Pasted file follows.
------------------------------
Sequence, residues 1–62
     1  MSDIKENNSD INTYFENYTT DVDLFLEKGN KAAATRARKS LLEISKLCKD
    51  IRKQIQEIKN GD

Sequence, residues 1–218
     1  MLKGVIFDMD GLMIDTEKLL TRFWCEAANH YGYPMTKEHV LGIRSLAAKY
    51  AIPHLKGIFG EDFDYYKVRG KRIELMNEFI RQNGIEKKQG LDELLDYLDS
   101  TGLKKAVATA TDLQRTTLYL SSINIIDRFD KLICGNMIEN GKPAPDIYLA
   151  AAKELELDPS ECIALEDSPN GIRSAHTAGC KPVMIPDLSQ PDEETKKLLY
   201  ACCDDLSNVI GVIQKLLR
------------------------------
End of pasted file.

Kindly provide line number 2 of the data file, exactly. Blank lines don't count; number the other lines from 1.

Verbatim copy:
     1  MSDIKENNSD INTYFENYTT DVDLFLEKGN KAAATRARKS LLEISKLCKD